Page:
It’s hard to look into the eyes of a pug and not smile. There is something about their wrinkled grin that brightens up the day for many people. For those that love and rescue the breed, there is so much to love and for the general public, so much to learn.
“I fell in love with pugs the first time I held a little pug puppy about 16 years ago, but lived in an apartment and couldn’t have a dog at that time,” says Linda Elwood, founder of MOPS (Making our Pugs Safe). “When I moved into a town home, I felt I was ready and started to research the breed. I met some people at the Midwestern Pet Expo from the Great Lakes Pug Club and really learned a lot about the breed and rescue at that time.”
The Great Lakes Pug Club is the club for many respected breeders and until a few years ago, it also operated a rescue for the breed. The organization would take in owner relinquishments, rescues from puppy mills and dogs from shelters. When the organization stepped away from rescuing, Elwood decided to step up to the plate and start her own organization – MOPS (Making Our Pugs Safe).
“I am really passionate about caring for the dogs and making sure that we have great foster homes for the animals we rescue,” says Elwood. “Since these dogs are in my care and may not have had the greatest start in life, I want to make sure that they are going to be in a great situation and that they will be nurtured and cared for until adoption. I found a rescue with a very detailed foster family form and made a few revisions to create the five-page application that you must fill out to foster for our organization.”
MOPS has been adopting out dogs for about two years now and Elwood takes pride in working with the dogs and her fosters to find a good match for the pugs. She says there are some misconceptions and important things people should understand before jumping in and adopting a pug.
Shedding – Elwood says there’s a big misconception that pugs don’t shed, but that couldn’t be further from the truth. Like with other animals, if you brush them more frequently, they shed less frequently.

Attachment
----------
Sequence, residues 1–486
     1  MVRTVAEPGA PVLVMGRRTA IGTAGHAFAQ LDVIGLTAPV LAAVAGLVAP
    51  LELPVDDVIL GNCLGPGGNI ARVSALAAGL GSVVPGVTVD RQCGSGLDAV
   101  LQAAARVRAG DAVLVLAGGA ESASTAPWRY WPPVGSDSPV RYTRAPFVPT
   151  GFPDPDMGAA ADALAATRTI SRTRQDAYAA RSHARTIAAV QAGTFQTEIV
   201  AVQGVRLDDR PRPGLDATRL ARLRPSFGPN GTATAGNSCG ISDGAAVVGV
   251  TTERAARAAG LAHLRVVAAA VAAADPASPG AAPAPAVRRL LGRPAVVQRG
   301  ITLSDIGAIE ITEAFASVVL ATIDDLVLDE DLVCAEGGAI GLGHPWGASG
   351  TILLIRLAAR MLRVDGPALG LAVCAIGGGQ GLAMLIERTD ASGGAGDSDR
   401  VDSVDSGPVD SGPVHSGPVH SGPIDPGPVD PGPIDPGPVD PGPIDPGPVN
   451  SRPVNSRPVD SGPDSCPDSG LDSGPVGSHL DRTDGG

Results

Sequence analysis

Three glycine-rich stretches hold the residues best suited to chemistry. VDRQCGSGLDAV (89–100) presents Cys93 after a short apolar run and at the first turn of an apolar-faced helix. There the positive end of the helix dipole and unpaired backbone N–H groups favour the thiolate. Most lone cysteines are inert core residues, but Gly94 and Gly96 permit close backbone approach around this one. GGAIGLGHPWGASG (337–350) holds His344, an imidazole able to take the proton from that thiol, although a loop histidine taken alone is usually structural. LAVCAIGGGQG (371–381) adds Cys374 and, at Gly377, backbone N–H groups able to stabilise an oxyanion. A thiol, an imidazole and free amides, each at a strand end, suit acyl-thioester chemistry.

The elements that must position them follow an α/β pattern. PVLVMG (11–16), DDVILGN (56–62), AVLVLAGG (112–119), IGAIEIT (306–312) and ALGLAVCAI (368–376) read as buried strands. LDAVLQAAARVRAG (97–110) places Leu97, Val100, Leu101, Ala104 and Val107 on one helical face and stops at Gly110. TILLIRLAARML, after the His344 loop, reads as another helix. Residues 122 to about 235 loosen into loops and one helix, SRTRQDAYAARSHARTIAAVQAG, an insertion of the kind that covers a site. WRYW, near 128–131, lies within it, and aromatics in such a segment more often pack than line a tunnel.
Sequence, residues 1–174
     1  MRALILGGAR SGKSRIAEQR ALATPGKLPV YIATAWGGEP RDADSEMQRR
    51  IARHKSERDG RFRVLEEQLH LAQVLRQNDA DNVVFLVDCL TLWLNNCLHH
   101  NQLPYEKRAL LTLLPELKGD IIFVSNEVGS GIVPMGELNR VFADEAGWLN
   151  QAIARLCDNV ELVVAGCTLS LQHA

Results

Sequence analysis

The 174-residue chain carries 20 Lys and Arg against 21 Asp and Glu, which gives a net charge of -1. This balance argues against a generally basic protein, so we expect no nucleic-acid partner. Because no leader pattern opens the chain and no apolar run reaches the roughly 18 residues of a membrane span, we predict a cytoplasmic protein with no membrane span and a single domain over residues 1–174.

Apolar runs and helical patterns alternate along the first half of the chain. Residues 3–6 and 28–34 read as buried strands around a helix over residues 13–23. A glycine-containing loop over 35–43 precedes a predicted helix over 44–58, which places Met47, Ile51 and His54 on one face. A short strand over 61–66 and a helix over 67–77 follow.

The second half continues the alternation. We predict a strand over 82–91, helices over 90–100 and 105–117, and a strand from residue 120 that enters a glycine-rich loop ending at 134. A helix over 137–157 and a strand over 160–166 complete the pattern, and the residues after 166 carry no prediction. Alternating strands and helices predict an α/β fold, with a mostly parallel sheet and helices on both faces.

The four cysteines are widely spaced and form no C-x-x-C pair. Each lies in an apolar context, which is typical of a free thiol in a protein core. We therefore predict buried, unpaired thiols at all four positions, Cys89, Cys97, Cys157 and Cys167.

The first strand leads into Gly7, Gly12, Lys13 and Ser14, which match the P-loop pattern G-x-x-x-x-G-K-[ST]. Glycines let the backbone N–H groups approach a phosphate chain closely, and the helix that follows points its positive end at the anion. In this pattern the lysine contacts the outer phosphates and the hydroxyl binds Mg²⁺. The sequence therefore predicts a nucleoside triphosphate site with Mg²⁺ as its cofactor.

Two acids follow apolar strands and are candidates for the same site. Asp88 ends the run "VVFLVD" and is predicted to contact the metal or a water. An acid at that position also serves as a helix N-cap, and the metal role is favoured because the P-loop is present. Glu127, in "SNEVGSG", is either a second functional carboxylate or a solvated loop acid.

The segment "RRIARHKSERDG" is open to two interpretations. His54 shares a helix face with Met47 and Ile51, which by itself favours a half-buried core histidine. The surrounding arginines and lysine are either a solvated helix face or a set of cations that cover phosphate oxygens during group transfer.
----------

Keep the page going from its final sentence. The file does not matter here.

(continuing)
Eye Issues – Tear productivity is a big problem with this breed. Pug owners need to pay attention and watch to see if tear productivity is down. If so, the dogs may need eye drops. What happens is the pug’s eyes won’t close all the way due to Pigmentary Keratitis and a film will cover the eyes. If drops aren’t used and the dog isn’t monitored, a dog could lose its sight due to this condition.
Nose, snout and palate – A pug’s nose needs to be cleaned on a regular basis and should stay dry. They also have a flat face and lack a snout, which causes problems with some pugs in the heat, especially if there are also issues with their palates. Dogs that get winded easily may need surgery. Their flat snout also gets them in trouble when they are on a sniffing expedition because sometimes they run into things and don’t have a nose to soften the blow. Elwood says her rule of thumb with these dogs is that if the weather dictates air conditioning or heat for you, the same is true for the health of the dog.
Good family dog – Pugs in general are very good with kids and make a great companion dog. Generally, if a pug isn’t good with kids, it’s because of issues the dog may have had in a previous home. This dog is also very stubborn and strong-willed. Because of that stubborn streak, many pugs will “break-out” from an invisible fence.
Good apartment dogs – Like with any dogs, Pugs do need their exercise, but they are good lap dogs and do well in small spaces like an apartment or condo unlike some other small breed that may have too much energy for a small space.
Socialization – Because they are social, these dogs don’t do as well when left alone for a long period of time without some human interaction. If you’re going to be gone 12 hours a day, a dog walker or doggy day care should be considered. They are social with other dogs.
Elwood’s organization rescues from a variety of places. They do take owner relinquished dogs, rescues from shelters and some dogs from puppy mills. In the past year, MOPS has found homes for 26 dogs (dogs available for adoption). Elwood says they are in need of foster homes, people that would be able to help with events and donations. Among items that are helpful to the group are gas cards – to help them ferry dogs back and forth to the vets. Learn more about the organization by following them on Facebook.
Do you volunteer or work for a shelter or rescue that has programs you’d like to promote? Do you work in a pet-releated business that has an interesting story to tell? If so, contact me at firstname.lastname@example.org. Enjoy this article? Receive email alerts when new articles become available. Just click on the subscribe button above. You may also follow me on Twitter, Facebook or read my blog.